In one of the games, a foul move from an Altrincham player inflicted a serious injury where Dean lost one of his testicles.

This did not deter him as in the end he went on to score 27 goals in 30 league matches. His outstanding performance won him the envy of major football clubs such as Arsenal F.C. and Newcastle United F.C. Nonetheless, Dixie’s eyes were set on a bigger prize. Everton soon took an interest in his abilities.

In 1925, Everton secretary Thomas H. McIntosh became interested and met him at the Woodside Hotel. Dean signed to join Everton for £3,000 for a season that would prove his money’s worth. He made 32 goals in his first season, impressing his employers and Everton fans thoroughly.

Defeatists see tragedy, champions see challenge

In 1926, he met with a motorcycling accident at Holywell, North Wales. Suffering from a badly fractured skull, doctors were doubtful if he could survive for more than a few hours. Even if he did, many believed that that would end his career.

Dean was soon to prove the doubters wrong as he made an almost full recovery. Optimistic about his health, he rejoined the league soon after for what was to become some of his most well-remembered seasons.

In the 1927–1928 season he scored a total of 67 goals in three competitions – 60 league goals, three in the FA Cup and four representing England in international matches, an unparalleled achievement in English history.

The goals he scored in the league were pivotal in enabling Everton to win the First Division title that season.
Despite a slump to the Second Division in 1930–1931, Dean persevered with his team and finally, succeeded in restoring their winning place in the First Division in 1932 with a total of 42 league goals.

His team also bagged the FA Cup in 1933 thanks to a victory-defining goal he scored during the finals. Dean was not left out in the international scene either, having represented England 16 times, scoring 18 goals in eight games.

Dean went on to play for three football clubs after leaving Everton. The onset of World War II and his declining health led to his retirement in 1940. He went to Chester and ran the Dublin Packet Pub, while spending his retirement days with his wife and four children.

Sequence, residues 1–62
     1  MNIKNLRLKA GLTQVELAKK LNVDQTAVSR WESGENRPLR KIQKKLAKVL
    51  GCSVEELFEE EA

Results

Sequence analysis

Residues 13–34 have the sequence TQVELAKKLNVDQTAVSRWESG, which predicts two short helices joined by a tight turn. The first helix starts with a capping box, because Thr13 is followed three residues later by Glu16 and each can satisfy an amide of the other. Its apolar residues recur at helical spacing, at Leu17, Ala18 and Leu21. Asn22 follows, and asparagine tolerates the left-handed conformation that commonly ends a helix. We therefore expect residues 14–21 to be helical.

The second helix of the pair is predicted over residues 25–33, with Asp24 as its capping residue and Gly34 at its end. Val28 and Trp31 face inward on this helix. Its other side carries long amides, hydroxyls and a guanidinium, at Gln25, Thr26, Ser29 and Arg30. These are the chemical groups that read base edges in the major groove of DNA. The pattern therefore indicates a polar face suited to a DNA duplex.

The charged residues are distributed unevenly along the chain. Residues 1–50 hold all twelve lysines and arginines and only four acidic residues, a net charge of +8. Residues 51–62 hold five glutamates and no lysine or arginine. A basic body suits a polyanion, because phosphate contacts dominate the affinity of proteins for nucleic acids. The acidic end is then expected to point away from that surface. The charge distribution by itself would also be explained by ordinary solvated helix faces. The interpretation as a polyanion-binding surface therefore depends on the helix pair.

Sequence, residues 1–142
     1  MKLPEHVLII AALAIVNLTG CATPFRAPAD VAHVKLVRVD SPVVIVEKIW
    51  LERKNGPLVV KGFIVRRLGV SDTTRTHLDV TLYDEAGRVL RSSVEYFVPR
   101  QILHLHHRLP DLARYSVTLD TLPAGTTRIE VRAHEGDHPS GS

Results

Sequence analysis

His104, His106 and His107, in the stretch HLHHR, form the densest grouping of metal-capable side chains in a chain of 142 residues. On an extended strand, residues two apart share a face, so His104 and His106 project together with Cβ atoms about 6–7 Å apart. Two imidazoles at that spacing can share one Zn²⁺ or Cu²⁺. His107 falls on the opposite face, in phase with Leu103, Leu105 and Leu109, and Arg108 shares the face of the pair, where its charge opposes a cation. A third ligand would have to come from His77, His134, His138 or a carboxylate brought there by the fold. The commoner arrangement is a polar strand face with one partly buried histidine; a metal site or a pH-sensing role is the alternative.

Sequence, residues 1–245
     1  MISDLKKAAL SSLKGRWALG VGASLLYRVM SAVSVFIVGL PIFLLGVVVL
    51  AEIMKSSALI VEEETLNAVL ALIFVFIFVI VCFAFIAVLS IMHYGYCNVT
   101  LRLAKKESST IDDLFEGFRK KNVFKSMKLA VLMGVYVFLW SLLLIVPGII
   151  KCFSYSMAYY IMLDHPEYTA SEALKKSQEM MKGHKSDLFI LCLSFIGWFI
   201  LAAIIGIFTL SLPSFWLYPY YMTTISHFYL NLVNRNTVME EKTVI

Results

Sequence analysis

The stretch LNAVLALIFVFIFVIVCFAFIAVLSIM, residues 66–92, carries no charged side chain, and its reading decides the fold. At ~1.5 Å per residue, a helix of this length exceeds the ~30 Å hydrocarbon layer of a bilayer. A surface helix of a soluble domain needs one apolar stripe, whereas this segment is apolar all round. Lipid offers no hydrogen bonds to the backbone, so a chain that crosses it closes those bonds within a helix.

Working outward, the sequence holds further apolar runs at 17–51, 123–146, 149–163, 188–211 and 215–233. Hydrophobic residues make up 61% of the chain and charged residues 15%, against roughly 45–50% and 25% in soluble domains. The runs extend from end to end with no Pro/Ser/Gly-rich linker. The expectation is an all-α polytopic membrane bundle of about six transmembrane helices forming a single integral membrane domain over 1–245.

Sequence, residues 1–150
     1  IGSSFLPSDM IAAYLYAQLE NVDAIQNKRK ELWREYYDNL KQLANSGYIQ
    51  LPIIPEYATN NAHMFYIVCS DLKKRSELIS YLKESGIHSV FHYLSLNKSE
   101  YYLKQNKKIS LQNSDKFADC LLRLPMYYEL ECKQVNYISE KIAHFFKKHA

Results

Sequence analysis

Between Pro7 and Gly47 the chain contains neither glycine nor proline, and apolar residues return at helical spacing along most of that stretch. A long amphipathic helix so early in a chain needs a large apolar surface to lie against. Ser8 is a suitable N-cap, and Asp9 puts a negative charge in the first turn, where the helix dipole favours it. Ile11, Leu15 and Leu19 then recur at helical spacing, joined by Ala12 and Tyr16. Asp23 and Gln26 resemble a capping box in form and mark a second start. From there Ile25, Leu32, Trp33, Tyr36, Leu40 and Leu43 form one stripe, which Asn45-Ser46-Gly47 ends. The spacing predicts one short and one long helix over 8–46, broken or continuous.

Further indications of his waning health began to show later in his life. In 1972, he was hospitalised for influenza and in 1976 he had his right leg amputated to relieve a blood clot. The latter part of his life was spent bedridden.

Despite his departure from the professional football scene, a testimonial match held in his honour by Everton in April 1964 attracted more than 30,000 spectators – proof that he still held a lasting influence on the English football community.

If his achievements were captivating, the circumstances surrounding his death were also as astonishing.

It happened on March 1, 1980, at Goodison Park when watching Everton play against their archrival Liverpool. Dean breathed his last when he suffered from a heart attack just moments after the whistle ending the match was blown.
Watching an Everton match at Goodison Park was what sparked his passion for football when he was eight, and it became the last thing he witnessed before his final rest.

Many saw this as a fitting death for one of the best English footballers to have ever lived.

Twenty years after his death, his contributions to English football culture made him one of the 22 inaugural inductees into the English Football Hall of Fame in 2002.

Jack Chua majors in psychology and currently works for an online marketing startup. He is also a freelance writer, contributing articles on recent developments in leadership research to Leaderonomics. You can send him an email at editor@leaderonomics.com.  To read more articles on leadership, click HERE! 

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This article is published by the editors of Leaderonomics.com with the consent of the guest author.